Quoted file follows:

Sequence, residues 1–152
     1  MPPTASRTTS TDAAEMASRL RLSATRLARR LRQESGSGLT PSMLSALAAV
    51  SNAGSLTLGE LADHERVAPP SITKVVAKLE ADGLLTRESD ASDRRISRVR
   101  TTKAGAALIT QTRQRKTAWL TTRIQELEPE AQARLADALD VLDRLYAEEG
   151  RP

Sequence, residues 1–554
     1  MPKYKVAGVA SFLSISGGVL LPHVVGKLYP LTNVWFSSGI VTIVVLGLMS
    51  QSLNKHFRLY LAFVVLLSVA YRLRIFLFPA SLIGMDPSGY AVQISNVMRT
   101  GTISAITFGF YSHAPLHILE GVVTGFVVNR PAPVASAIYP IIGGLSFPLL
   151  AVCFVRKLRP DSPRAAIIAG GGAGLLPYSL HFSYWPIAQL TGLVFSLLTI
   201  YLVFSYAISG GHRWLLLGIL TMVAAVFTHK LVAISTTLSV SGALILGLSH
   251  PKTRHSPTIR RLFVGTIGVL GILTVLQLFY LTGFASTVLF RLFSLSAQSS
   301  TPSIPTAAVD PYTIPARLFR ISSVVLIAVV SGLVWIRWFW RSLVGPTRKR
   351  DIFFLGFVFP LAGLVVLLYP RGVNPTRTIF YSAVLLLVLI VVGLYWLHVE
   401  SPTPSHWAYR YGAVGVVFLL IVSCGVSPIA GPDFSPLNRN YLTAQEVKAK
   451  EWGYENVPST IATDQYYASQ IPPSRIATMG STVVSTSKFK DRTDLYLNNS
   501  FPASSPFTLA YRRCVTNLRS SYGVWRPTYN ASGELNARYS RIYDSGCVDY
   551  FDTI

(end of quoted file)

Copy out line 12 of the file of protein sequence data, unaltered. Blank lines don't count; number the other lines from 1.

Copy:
   251  PKTRHSPTIR RLFVGTIGVL GILTVLQLFY LTGFASTVLF RLFSLSAQSS